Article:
It is debatable, then, whether the system of Mandatory Reconsideration is lawful. Because judicial review is only available when other recourse has been exhausted, MR would have to be complete before a judicial test would be possible, and the long delays in implementation make this a considerable obstacle. But it does stand in breach of long established principles of administrative law. That is why the UN Committee on Social, Economic and Cultural Rights has just condemned the UK system for “the absence of due process”, in breach of its obligations under the UN Charter. Mandatory Reconsideration cannot be ‘properly conducted’ – it is designed to be improperly conducted.
Audit Scotland has published a report on the operation of the “National Fraud Initiative”, which is mainly concerned with the operation of big data in order to detect fraud by searching for anomalies. The central assumption of the report seems to be that improving the consistency of data will save money by limiting opportunities for fraud.
There is a central confusion at the heart of this approach. Following the reports of the DWP, and by extension the tests applied to local government in benefits administration, the report muddles three overlapping, but quite distinct issues: fraud, error and selectivity. Using data to review inconsistencies identifies potential sources of error. It does not necessarily identify, or relate to, fraud – which depends on deceit.
- measures to refine selectivity are liable to increase error (the more conditions there are, the more there is to go wrong. That is why the rates of error in Pension Credit are fifty times those for State Pensions.) Equally, they and they create opportunities for fraud. They do not, then, improve the efficiency of the system.
- measures to protect systems against fraud are likely, for the same reason, to increase error.
- measures to protect against error may reduce opportunities for fraud, but do not necessarily do so – it all depends on what kind of error is being addressed.
There may be opportunities to save money through big data; but anti-fraud measures are often expensive, and in a situation where many people do not receive the benefits they are entitled to, smoothing out inconsistencies might cost more.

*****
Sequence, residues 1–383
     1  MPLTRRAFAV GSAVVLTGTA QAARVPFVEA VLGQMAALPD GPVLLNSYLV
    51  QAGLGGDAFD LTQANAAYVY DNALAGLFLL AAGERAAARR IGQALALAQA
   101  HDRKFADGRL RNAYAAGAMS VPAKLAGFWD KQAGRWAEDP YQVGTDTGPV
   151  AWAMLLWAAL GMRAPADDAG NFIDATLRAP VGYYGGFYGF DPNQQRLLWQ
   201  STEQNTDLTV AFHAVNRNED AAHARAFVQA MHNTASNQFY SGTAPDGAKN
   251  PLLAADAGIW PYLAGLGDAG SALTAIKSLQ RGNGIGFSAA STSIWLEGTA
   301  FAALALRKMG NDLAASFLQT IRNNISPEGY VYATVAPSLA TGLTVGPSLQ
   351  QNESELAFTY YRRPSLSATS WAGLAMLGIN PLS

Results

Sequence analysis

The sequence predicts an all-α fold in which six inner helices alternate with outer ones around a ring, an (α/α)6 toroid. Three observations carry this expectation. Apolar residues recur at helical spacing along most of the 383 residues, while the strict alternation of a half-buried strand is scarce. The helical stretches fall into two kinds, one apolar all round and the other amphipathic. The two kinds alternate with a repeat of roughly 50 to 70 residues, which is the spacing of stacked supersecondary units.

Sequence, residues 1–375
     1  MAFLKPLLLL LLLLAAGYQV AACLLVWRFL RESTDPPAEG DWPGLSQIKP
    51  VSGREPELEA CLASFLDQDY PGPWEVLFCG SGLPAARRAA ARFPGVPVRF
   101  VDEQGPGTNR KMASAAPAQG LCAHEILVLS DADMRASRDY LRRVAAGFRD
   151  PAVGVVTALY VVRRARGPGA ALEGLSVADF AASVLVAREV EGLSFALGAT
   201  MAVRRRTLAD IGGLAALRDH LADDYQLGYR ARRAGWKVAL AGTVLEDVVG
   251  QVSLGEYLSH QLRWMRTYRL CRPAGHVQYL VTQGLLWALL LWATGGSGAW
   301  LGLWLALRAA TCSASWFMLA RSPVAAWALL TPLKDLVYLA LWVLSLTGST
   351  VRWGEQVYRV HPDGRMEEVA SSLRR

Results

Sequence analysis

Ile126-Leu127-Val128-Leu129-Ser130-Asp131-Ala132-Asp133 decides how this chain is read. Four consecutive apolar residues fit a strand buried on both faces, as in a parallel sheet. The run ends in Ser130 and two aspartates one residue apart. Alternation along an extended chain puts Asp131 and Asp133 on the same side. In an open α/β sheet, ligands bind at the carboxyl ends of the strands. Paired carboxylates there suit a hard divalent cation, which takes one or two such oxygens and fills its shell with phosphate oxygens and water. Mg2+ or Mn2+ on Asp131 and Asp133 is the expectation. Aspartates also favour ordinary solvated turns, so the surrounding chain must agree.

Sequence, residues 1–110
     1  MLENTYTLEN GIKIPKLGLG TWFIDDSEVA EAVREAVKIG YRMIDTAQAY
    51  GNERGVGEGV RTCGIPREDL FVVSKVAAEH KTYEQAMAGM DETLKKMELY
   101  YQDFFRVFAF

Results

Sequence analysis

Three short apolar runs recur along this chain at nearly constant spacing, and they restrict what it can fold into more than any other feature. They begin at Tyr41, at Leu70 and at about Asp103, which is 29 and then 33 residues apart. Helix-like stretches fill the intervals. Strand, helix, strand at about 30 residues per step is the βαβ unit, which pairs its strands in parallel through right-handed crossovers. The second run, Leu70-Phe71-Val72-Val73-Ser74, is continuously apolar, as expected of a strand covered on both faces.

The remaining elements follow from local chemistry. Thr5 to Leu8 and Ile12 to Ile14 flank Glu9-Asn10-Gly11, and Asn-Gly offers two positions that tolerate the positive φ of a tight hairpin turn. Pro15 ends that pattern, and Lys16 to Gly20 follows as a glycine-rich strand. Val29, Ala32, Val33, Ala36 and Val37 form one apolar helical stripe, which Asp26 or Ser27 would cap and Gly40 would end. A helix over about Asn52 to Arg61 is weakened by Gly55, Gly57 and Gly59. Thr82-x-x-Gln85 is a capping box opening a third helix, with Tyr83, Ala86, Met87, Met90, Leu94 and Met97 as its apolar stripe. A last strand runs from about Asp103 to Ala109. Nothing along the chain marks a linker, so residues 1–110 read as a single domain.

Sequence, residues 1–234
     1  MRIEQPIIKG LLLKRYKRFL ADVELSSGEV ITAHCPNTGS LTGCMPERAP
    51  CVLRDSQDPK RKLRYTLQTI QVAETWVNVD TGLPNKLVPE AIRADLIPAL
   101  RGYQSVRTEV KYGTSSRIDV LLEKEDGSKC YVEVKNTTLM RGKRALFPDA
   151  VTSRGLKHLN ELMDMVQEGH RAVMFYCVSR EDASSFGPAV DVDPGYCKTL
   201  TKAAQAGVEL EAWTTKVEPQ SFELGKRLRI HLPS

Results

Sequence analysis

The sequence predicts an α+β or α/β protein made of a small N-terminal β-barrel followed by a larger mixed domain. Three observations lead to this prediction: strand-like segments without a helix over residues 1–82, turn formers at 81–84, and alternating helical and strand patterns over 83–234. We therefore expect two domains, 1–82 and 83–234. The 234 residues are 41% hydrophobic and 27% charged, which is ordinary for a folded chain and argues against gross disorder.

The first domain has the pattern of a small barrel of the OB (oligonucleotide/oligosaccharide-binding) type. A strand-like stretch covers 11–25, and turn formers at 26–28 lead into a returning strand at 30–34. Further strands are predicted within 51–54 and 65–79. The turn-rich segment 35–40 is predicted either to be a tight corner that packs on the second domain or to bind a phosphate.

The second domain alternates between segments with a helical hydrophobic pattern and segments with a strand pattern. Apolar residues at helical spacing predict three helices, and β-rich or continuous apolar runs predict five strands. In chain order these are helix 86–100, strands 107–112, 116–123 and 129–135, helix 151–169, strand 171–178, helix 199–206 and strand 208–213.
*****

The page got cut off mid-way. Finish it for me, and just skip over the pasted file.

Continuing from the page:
There have been glowing tributes to David Cameron, somewhat at odds with his record of blunders and misjudgements while in office. We ask less of Prime Ministers than the press often supposes. Premiers don’t ‘run the country’ in any meaningful sense – they can’t, for example, sensibly say that next year there’ll be more food or warmer housing. Their principal job is to appoint a government and speak for it. As a PR man Cameron was well able to do the second, but he fell rather short with on management. He left people in jobs far too long; egregious mistakes (health service reform, the Borders Agency, penal reform, school governance, Universal Credit and two omnishambles budgets ) were introduced clumsily with too little consultation, defended for far too long, and the perpetrators encouraged to go on; issues were ignored, and recurrent problems were left to fester before being dealt with in panic. Government too often looked like a pastiche of The Thick of It. Theresa May’s record in government has been distinctly patchy (see e.g. this broadside from the Spectator) – and on some occasions, shockingly bad – but in the wreckage of the last government she has been seized on as the only thing still afloat that might stop us going under.